“Caterpillars” and “Unwavering”

Teacher-writer Candace Berkley uses the power of words to reflect on a childhood memory and her father's death.

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“Caterpillars” and “Unwavering”

Elizabeth Johnson Lyons

Elizabeth Johnson Lyons

Elizabeth Johnson Lyons

Candace Berkley

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Caterpillars

The smell of parsley reminds me of late summer, when the freedom of June days is but a feeling fading fast into the routine of school. My mother always planted parsley in big clay pots, and the black swallowtail butterflies loved parsley. Its vibrant green, small-but-sturdy stalks capped with little explosions of leaves might have been what drew the butterflies, but I think it was, most likely, the tangy, pungent odor that spoke loudest to them. They were beautiful: dusty black with iridescent blue eyes scalloped around the edges of their wings. But what I remember most, more than what drew them or their fragile beauty, was how they came to be.

Sometimes my sisters and I would find the minute white egg on the underside of the leaf, but more often we would find the tiny fuzzy caterpillars armored with black fringy fur. They wiggled and tickled harmlessly as we interrupted their food foraging. Their entire world was a verdant green landscape, a parsley paradise. Since we knew what they ate and had plenty of it, we would feel confident in containing the caterpillars in glass mayonnaise jars or old aquariums for closer continual inspection.

Elizabeth Johnson Lyons

Like the caterpillar in the famous children’s story, these caterpillars ate and ate and ate. We would eagerly check each day to see how much of the parsley had been chewed away, only stems left standing. And we would laugh at the copious green and black droppings that littered not only the bottom of the container but also the parsley itself. And then, one morning, the caterpillars would be gone, replaced by a static, still, grayish brown pupae. And although I missed the caterpillars’ colorful, comical, wriggling bodies, I knew that those non-descript mummies were where the magic would happen, concealed from my eyes. I waited.

One day I would see something somewhat familiar and somehow discomforting. The pupae would be torn open, and there, dangling, an ugly, deformed creature with long, black, thin legs. Inexplicable. Where had it come from, and what had it done to our caterpillars? The wings were tiny and scrunched, showing no resemblance at all to the graceful wings they would become. Both fascinated and repulsed. I would watch the thing.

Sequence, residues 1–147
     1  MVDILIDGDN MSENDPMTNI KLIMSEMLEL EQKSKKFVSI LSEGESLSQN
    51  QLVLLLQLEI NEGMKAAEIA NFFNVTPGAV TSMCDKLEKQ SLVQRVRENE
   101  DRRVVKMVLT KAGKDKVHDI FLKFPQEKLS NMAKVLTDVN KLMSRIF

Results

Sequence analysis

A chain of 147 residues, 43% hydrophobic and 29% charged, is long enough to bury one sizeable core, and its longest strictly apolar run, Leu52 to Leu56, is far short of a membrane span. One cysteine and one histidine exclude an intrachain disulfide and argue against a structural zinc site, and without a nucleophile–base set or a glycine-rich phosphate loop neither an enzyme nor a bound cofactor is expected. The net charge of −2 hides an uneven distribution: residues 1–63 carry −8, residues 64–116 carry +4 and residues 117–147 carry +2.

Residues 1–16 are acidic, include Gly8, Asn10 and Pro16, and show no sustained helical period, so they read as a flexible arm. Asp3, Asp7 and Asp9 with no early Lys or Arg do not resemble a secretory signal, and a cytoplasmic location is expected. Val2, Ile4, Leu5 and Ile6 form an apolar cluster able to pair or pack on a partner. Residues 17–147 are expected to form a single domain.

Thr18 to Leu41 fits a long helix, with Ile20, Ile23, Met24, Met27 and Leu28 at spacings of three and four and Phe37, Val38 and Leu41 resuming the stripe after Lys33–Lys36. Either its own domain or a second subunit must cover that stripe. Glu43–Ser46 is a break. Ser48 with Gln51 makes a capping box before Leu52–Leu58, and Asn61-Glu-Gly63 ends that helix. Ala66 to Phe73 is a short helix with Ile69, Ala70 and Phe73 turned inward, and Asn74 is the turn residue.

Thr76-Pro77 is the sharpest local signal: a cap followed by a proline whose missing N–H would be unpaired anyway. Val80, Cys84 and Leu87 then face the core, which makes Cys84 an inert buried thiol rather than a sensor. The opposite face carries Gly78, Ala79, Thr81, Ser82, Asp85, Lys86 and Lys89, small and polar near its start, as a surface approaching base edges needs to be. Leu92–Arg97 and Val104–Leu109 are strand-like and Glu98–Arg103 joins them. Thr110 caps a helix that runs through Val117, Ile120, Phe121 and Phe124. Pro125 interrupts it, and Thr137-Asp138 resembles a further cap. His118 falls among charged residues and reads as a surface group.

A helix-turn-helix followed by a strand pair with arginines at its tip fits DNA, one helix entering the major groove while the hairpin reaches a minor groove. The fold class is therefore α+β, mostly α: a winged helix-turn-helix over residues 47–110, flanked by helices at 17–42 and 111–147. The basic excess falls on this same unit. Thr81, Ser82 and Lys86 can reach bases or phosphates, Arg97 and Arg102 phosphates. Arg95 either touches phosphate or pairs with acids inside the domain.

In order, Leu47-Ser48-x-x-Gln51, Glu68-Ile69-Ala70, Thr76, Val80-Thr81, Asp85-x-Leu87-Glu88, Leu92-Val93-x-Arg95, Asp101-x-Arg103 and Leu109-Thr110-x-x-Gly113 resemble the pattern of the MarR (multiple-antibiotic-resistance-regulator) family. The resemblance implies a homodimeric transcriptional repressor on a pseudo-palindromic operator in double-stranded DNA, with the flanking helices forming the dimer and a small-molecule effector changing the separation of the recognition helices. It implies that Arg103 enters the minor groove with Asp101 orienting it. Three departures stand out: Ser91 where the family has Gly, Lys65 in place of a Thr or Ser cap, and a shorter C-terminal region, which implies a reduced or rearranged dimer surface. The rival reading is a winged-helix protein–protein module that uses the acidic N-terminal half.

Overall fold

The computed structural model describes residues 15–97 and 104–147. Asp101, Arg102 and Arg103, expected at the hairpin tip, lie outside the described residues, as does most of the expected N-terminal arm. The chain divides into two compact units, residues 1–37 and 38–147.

Later, a perfect butterfly would slowly be folding and unfolding its wings.

But the best part was always setting the butterflies free. We would take them outside and open the lid of the containers. The still-fragile creatures usually moved very slowly, cautiously, uncertain of meaning.  And then, the breeze would catch them and lift them into the late summer where they were at the mercy of the breeze.

 

Unwavering                                                                               

Always, the discreet shuffling of the nurses as they came into the room every hour to check…

To check what?

Exigency extreme; I needed to know in order to prepare for the relentlessly advancing moment.

I did not want to be distracted by surprises, by self-serving emotions that would cast a shadow of me.

I did not want that.

So I asked.

They said look for a browning of the urine in the bag, and then, the absence of the fluid. They said watch the fingernails and toenails for a “bluing.” Look at the skin of the hands and feet for a mottling effect. A slowing of the pulse, growing fainter.

One can not be squeamish when facing death.

Vigilantly, I held my father’s hand.

I became a stoic waiting.

I self-effaced.

Death would not sneak in, would not trick me, fool me, baffle me, overwhelm me.

Not me.

Unabashed, I would be there, waiting, when death arrived.

I cannot stop you, but I will not fear you, I will not be passive, I will not give away any power to you. Prepared and unafraid, I will watch and wait and see you when you come.

Around 5:00 AM I heard the urgent acknowledgement: “It’s time.”

I felt his pulse become fainter…

then it ceased. 

The silence that preludes eternity followed.

“He’s gone.” My inaudible whisper, the loudest sound in the room, echoed in my head.